Village Voice's Scores

For 8,059 reviews, this publication has graded:
  • 36% higher than the average critic
  • 4% same as the average critic
  • 60% lower than the average critic
On average, this publication grades 7.1 points lower than other critics. (0-100 point scale)
Average Movie review score: 54
Highest review score: 100 Secret Sunshine
Lowest review score: 0 Poolhall Junkies
Score distribution:
8,059 movie reviews
  1. Writer-director Anthony Lover takes such a kid-gloves approach to his handicapped co-star that he achieves the opposite of the intended effect: Every time Scott enters a scene, it's as if someone just told the entire cast "Whatever you do, don't say 'retard.' "
    • 44 Metascore
    • 30 Critic Score
    American Cannibal, something like the (mock-)doc equivalent of "The Producers," really, really should've been funnier.
    • 57 Metascore
    • 30 Critic Score
    I find it hard to believe that Conway bamboozled half of London simply by announcing his name, and it's regrettable that the filmmakers premise their picture on such improbable gullibility. The real Conway was assuredly slier than his bio-pic incarnation; he ought to have been played by Sacha Baron Cohen.
  2. Those two age-old foes--science and blind faith--tango yet again in this noxious slice of Biblical horror about a series of Old Testament plagues being visited upon a Louisiana bayou backwater.
    • 54 Metascore
    • 30 Critic Score
    Half-new at most, this "Running With Scissors"–type tale of a precocious, effeminate teen who gets hot for teacher while prepping for a life in the arts isn't evidently autobiographical. Neither is it funny--or poignant or insightful or remotely worth one's time.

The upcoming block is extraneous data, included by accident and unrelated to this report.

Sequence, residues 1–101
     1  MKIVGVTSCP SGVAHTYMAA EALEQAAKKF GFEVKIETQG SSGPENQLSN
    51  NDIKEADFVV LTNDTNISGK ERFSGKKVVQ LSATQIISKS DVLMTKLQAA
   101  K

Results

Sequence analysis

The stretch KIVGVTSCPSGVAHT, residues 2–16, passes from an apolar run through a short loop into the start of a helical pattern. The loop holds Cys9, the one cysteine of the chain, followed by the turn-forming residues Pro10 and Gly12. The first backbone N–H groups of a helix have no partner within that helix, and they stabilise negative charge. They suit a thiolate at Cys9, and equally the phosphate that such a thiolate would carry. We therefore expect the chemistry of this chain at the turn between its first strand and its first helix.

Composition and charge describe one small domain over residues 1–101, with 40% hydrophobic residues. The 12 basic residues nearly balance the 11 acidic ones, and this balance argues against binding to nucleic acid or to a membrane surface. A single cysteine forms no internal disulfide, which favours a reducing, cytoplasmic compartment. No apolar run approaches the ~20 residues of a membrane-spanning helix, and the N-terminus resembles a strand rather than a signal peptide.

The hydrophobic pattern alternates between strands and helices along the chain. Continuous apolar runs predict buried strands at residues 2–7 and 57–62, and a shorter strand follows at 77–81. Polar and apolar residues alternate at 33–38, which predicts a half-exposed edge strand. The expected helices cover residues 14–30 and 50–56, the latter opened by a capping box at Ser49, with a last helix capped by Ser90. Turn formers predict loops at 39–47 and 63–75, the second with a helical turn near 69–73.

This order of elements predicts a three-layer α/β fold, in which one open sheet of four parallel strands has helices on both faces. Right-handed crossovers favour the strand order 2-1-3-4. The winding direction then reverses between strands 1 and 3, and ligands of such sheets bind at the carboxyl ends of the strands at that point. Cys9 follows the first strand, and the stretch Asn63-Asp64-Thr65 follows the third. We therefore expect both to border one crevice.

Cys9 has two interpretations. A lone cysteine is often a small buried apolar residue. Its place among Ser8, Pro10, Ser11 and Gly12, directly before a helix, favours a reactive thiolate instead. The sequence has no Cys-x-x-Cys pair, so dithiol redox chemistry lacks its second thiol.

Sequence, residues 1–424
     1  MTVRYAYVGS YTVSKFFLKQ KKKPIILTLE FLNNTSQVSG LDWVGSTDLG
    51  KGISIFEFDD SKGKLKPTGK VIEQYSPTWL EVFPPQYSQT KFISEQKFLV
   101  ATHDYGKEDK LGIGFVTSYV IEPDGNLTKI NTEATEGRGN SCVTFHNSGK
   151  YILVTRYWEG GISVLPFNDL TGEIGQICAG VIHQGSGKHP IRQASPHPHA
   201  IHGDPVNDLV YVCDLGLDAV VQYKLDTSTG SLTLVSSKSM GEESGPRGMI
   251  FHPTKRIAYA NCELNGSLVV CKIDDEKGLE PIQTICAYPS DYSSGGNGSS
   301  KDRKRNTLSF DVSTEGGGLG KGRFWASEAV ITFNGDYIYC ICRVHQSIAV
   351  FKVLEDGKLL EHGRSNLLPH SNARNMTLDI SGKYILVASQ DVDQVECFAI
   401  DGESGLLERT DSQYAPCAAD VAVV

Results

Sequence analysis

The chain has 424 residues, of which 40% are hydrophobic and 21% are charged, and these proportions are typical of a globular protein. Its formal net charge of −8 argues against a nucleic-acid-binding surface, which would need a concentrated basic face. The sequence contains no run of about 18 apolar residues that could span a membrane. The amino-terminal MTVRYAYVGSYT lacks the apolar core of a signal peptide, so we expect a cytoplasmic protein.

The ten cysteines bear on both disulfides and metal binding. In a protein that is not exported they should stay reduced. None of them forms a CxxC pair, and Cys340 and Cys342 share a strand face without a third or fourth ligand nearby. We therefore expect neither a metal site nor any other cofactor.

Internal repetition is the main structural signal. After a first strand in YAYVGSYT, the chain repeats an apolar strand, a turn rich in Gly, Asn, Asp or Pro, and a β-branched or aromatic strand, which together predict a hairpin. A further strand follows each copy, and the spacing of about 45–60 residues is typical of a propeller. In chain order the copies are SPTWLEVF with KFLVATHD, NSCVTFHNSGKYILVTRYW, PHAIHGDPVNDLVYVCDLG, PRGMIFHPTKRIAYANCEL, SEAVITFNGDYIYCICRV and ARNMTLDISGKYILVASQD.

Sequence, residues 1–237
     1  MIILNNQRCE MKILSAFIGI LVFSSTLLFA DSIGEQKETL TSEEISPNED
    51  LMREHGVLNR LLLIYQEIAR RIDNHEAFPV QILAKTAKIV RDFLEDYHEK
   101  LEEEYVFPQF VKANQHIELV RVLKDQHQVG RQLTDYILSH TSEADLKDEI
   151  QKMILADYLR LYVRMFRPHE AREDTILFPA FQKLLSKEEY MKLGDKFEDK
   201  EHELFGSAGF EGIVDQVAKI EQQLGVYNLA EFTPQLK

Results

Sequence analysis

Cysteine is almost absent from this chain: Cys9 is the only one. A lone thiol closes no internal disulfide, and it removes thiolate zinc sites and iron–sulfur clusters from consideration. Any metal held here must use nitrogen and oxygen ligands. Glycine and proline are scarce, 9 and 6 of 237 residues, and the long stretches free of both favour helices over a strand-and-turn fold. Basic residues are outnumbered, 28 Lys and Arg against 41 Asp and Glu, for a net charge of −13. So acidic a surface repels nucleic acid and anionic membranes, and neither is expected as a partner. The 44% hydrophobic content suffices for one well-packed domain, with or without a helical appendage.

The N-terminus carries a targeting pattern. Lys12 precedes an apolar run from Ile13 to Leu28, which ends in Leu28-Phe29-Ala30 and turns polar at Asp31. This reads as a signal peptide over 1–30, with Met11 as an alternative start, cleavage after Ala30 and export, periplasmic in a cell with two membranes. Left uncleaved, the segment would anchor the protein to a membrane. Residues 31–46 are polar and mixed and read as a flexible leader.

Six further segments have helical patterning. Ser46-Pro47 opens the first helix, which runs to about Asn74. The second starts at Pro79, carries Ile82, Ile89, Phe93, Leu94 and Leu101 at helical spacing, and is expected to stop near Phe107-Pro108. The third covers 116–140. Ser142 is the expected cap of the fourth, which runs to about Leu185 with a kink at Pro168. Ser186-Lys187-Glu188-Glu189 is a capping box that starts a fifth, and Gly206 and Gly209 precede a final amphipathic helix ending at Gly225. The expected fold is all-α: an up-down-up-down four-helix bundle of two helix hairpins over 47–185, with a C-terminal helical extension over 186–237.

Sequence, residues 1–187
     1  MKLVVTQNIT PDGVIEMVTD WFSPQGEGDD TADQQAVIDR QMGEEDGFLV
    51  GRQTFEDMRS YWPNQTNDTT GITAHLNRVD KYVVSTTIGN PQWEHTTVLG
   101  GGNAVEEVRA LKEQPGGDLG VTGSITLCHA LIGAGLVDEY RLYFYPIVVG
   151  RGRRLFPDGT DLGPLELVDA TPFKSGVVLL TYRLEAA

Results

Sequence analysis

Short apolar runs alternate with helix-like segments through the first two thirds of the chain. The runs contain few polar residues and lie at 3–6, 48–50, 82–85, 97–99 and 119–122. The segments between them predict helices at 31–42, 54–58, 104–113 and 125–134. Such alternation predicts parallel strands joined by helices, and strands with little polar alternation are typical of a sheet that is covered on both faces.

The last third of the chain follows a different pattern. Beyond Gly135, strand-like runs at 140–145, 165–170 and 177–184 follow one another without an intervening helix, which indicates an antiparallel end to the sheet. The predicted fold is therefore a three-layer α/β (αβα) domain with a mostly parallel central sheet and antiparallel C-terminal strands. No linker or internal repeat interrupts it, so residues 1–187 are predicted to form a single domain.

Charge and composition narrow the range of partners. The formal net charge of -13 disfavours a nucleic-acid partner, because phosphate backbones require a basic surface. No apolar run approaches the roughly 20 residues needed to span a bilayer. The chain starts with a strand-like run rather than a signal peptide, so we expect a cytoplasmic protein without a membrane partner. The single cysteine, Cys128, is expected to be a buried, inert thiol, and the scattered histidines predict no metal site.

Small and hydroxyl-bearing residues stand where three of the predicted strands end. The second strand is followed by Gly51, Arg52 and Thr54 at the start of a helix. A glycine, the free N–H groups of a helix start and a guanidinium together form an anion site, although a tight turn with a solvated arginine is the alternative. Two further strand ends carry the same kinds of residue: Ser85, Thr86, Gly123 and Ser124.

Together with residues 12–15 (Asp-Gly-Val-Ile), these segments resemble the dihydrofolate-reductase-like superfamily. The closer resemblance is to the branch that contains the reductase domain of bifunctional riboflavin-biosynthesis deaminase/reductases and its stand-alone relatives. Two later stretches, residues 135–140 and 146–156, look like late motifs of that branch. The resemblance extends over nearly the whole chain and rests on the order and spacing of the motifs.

• 60 Metascore
    • 30 Critic Score
    Neel is a compelling subject, but she's more alive in one of her paintings than in all of the voluminous video footage her grandson thrusts upon us.
    • 38 Metascore
    • 30 Critic Score
    Though Momo is dedicated to "the missing children and the children who are coming to save the world," the most provocative question it asks is whether, with its conspicuous product placement, the film was secretly backed by Coca-Cola.
    • 60 Metascore
    • 30 Critic Score
    The result packs all the hilarity of a museum installation on The Semiotics of Silent Comedy.
    • 63 Metascore
    • 30 Critic Score
    Unmotivated jitters and flash-zooms abound, needlessly complicating a flagrantly elaborate premise.
  3. As a longtime writer on "The Sopranos," Terence Winter has steered clear of most of the hoary organized-crime clichés. Instead, he's poured them all into director Michael Corrente's anemic urban drama.
    • 67 Metascore
    • 30 Critic Score
    Flanders is, dontcha know, a state of mind, and Dumont is plain out of his.
  4. Beyond his technical clumsiness, Caleo seems convinced that real men exert power by being A-type jerks and all women are sluts. If nothing else, this film serves as a troubling psychological profile of a filmmaker who feels scornfully cynical toward nothing in particular.
  5. Hal Hartley fans, Flirt may be too slight and schematic. [13 Aug 1996]
    • Village Voice
    • 62 Metascore
    • 30 Critic Score